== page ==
% -*- compile-command: "rubber -d --unsafe hw-00-background.tex" -*-
\documentclass[10pt]{tufte-handout}
\usepackage[num=0,date={August 28},topic=Concept\ review]{algorithms-hw}
\usepackage{mdframed}
\newcommand{\mymin}{\ensuremath{\mbox{\sc FindMin}}\xspace}
\newcommand{\ms}{\ensuremath{\mbox{\sc Mergesort}}\xspace}
\newcommand{\qs}{\ensuremath{\mbox{\sc Quicksort}}\xspace}
\begin{document}
In theory, you should know the things on this assignment from previous
classes (such as Data Structures and Discrete Math). However, in my
experience, very few students remember everything here, and that's OK.
Use this assignment as an opportunity to help you figure out some
things you should review.
\begin{mdframed}
\begin{center}
\textbf{Start early!} \bigskip
\textbf{Ask for help} when you get stuck!
\bigskip
\textbf{Work together}, but remember to write up \textbf{your own
solutions}. \bigskip
\textbf{Have fun!}
\end{center}
\end{mdframed}
\marginnote[-1in]{I \textbf{expect} you to ask me for help on homework
assignments in this class. If you never ask for any help, you are
either very smart or very foolish.}
\begin{enumerate}
\item How many times do you have to repeatedly halve $32$ in order to
reach $1$? What about $8192$? Consider the function which given an
input $n$, outputs the number of times $n$ can be repeatedly
halved before falling below $1$. What is the common mathematical
name for this function?
\item For each of the following, answer with the \textbf{best}
\marginnote{\textbf{Note}: students coming out of data structures
often think that big-$O$ is specifically about measuring
\emph{how long} algorithms take, but it is not. Big-$O$ is a
tool for measuring the rate of growth of one thing relative to
another. We often do use it measure the rate of growth of the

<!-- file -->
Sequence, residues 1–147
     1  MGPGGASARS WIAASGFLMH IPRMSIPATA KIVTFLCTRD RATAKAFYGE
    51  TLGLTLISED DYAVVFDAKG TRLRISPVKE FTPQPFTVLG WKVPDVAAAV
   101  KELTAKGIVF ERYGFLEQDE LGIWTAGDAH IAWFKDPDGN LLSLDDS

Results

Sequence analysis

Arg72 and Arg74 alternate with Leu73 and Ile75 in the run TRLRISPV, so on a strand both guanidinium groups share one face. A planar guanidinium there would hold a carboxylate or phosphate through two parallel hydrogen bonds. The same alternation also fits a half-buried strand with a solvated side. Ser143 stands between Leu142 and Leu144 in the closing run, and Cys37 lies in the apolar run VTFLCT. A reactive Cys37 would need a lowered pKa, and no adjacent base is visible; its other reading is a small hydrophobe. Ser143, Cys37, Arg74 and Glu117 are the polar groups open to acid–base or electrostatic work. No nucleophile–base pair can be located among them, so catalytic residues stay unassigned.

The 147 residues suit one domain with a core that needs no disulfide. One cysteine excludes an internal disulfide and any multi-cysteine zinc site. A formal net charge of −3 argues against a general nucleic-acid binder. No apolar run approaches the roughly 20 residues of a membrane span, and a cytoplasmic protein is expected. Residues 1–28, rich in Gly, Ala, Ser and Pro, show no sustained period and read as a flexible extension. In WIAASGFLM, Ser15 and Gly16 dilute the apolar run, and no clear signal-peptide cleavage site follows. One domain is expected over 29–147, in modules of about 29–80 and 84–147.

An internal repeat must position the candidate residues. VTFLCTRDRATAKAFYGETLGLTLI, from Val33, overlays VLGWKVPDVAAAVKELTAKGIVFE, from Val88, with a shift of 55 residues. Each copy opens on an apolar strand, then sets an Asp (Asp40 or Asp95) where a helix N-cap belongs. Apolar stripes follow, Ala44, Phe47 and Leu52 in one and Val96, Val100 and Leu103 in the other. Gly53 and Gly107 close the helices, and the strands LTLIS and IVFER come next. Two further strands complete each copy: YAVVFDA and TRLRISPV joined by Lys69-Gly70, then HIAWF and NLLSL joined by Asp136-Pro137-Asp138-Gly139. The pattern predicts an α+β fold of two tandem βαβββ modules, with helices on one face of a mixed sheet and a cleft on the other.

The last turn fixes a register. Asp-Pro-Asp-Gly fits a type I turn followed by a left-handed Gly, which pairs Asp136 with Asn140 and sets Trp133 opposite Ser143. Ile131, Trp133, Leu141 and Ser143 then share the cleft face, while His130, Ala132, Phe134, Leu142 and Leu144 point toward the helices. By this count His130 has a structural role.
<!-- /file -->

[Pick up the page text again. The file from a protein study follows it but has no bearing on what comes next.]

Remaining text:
time needed to run an algorithm relative to the size of the
input, but we can use it to measure rates of growth of other
things as well, such as the amount of memory used. Therefore,
you should not assume that these are asking about \emph{time}
unless they explicitly say so. For example, part (a) is asking
\emph{how many leaves} there are in a tree with a depth of $n$,
that is, how fast does the number of leaves grow relative to the
depth? It is not asking \emph{how long} it would take to find
those leaves.} (smallest) upper bound from this list:
$O(1), O(\log n)$, $O(n)$, $O(n \log n)$, $O(n^2)$, $O(2^n)$.
Give a \textbf{brief justification} for each.
\begin{enumerate}[label=(\alph*)]
\item number of leaves in a depth-$n$ balanced binary tree
\item depth of an $n$-node balanced binary tree
\item number of edges in an $n$-node tree
\item time needed to sort a list of $n$ items using merge sort
\item number of distinct subsets of a set of $n$ items
\item number of bits needed to represent the number $n$ in binary
\item time needed to find the closest pair of points among $n$ points
in Euclidean space by simply listing all the pairs
\item time needed to insert $n$ items into a binary heap
\item time needed to find the second largest number in a
\emph{sorted} list of $n$ distinct numbers
\item time needed to find the second largest number in an \emph{unsorted} list
of $n$ distinct numbers
\end{enumerate}
\item Let $p_n$ be defined for all $n \geq 0$ by \marginnote{If you
need a refresher on recursion and induction, there are a lot of
resources posted on the course website!}
\begin{align*}
p_0 &= 0 \\
p_n &= 2p_{n-1} + 1 && (n > 0)
\end{align*}
State and prove a closed formula for $p_n$.
\item We will not use the syntax of any particular programming
language in this course to specify algorithms. Instead, we will
use well-written prose and pseudocode---an intuitive set of
instructions that are appropriate to the problem at hand. For
example, Algorithm~\ref{alg:min} below gives some pseudocode for
finding the smallest integer in an array.
\begin{algorithm*}[h]
\caption{$\mymin(A, n)$} \label{alg:min}
\begin{algorithmic}[1]
\Require An array of integers $A$ of length $n \geq 0$. Empty arrays return $+\infty$.
\medskip
\State $m \leftarrow +\infty$
\For{$i \leftarrow 0 \text{ to } n-1$}
\State $m \leftarrow \min(m, A[i])$
\EndFor
\State \Return $m$
\end{algorithmic}
\end{algorithm*}
Write some pseudocode to find the smallest integer value in a binary
tree $T$ with left child $T.\mathit{left}$ and right child
$T.\mathit{right}$ and integer value $T.\mathit{value}$. You can
suppose that $T.\mathit{left}$ (respectively $T.\mathit{right}$) is
{\sc null} if it doesn't have a left (respectively right) child.\marginnote[-4em]{Note
you should not assume $T$ is a binary \emph{search} tree; that is, there
need not be any relationship between the value at a node and the
values at its children, so the smallest integer value could be
anywhere in the tree.}
\end{enumerate}
\end{document}